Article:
Notes: The legitimacy of the South African Consumer Goods and Services Ombud’s Code of Conduct: An analysis of Consumer Goods and Services Ombud NPC v Voltex (Pty) Ltd

Author: Tshepiso Scott & Obakeng van Dyk

ISSN: 1996-2177
Affiliations: Lecturer, Department of Mercantile Law, University of Pretoria; Independent Researcher
Source: South African Law Journal, Volume 139 Issue 2, p. 259-273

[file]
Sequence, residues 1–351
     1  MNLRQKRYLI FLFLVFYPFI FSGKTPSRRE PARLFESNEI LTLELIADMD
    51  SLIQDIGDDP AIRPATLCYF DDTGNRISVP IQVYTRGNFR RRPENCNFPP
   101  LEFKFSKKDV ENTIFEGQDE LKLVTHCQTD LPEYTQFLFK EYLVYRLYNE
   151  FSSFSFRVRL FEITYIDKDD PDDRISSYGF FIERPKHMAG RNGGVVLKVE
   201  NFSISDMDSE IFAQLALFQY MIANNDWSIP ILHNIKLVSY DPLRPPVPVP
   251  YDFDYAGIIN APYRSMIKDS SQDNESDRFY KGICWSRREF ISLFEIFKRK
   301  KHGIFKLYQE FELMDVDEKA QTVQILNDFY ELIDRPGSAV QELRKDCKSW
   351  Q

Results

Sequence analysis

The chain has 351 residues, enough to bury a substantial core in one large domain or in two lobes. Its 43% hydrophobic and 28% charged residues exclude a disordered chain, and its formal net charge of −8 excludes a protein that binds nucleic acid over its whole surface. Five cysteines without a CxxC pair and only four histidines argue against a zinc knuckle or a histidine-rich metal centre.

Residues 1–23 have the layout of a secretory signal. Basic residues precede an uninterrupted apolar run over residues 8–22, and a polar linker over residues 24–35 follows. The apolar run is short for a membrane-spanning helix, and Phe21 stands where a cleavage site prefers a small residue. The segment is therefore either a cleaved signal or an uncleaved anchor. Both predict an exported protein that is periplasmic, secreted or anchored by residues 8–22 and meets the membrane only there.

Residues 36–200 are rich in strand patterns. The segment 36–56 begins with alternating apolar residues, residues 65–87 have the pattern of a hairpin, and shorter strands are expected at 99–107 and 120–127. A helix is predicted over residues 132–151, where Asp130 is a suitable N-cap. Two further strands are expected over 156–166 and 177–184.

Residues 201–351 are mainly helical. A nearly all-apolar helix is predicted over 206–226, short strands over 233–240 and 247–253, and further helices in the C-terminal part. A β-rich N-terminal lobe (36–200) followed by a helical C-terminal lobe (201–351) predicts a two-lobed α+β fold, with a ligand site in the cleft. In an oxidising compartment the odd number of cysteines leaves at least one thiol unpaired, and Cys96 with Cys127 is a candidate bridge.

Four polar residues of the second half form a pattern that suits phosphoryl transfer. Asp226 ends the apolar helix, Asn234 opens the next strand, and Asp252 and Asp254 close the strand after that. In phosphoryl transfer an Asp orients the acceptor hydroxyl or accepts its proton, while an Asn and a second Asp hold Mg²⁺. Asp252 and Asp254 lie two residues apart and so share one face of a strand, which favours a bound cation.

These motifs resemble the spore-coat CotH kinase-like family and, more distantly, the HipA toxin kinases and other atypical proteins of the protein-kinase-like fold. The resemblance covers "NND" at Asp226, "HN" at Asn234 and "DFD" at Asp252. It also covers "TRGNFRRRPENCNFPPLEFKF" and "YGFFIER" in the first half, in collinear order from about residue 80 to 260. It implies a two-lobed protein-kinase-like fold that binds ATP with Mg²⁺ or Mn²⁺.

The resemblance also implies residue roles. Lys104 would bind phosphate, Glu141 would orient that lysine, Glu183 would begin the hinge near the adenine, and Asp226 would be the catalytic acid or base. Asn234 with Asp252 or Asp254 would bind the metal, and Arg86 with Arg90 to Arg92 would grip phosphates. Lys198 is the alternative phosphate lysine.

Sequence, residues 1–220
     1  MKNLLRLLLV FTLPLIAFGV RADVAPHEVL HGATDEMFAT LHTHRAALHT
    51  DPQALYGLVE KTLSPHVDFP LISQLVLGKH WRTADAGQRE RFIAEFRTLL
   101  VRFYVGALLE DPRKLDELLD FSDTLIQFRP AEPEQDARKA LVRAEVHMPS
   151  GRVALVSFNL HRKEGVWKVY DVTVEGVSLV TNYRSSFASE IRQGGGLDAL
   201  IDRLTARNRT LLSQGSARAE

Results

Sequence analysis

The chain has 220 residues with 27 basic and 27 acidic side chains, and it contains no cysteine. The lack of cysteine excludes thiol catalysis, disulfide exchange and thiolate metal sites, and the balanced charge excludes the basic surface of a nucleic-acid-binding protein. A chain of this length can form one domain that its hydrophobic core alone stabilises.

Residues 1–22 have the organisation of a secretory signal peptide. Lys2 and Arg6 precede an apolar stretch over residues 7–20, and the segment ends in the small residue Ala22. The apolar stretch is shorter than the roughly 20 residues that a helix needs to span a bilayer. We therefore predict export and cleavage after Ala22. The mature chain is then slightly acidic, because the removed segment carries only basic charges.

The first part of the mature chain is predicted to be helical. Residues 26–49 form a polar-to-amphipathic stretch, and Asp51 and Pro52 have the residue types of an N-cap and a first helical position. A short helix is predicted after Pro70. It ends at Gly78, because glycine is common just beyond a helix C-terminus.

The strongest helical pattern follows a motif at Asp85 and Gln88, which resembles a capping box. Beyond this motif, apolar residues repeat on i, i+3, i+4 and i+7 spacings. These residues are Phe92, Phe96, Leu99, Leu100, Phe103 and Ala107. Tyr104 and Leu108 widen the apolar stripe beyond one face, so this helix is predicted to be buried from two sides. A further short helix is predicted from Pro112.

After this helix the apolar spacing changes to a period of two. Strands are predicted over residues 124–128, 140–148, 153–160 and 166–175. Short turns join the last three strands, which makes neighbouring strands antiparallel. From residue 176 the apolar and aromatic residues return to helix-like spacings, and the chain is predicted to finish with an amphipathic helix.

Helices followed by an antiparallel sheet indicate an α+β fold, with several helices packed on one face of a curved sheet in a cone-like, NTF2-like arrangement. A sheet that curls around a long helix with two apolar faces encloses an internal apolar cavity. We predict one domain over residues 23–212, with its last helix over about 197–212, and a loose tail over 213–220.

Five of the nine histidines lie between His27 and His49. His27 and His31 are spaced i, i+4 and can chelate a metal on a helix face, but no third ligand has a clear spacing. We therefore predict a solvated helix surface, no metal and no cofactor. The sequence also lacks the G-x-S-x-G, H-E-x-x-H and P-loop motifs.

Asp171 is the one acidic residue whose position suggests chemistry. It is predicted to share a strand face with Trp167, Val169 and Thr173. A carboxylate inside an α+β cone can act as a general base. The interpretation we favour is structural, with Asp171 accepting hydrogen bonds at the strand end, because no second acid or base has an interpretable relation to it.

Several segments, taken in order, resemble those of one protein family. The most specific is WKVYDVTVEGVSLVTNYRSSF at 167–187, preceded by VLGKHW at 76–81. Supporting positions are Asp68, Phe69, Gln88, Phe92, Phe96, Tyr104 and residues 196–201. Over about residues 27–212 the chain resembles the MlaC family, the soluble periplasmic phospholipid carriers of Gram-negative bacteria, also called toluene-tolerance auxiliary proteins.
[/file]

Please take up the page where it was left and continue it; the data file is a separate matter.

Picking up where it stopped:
Alternative dispute resolution is one of the mechanisms envisaged by the Consumer  Protection Act 68 of 2008 to provide consumers with access to cost-effective and  speedy redress of consumer disputes. Accredited industry ombuds are one of the fora  that give effect to this purpose. However, industry participants are not always willing  participants, and may wish to challenge the legitimacy of such fora, particularly where  the relevant forum is funded by these industry participants. This makes it challenging  to give effect to the provisions of any applicable codes of conduct, and also frustrates the  consumer’s pursuit for redress. These issues came to the fore in Consumer Goods  and Services Ombud NPC v Voltex (Pty) Ltd [2021] ZAGPPHC 309.  In this matter, the Consumer Goods and Services Ombud sought a declaratory order  from the court, confirming that its code of conduct was legitimate. The judgment is  significant as it has an impact on the enforcement of consumer rights by this ombud,  and has wider implications for other current and future accredited industry ombuds.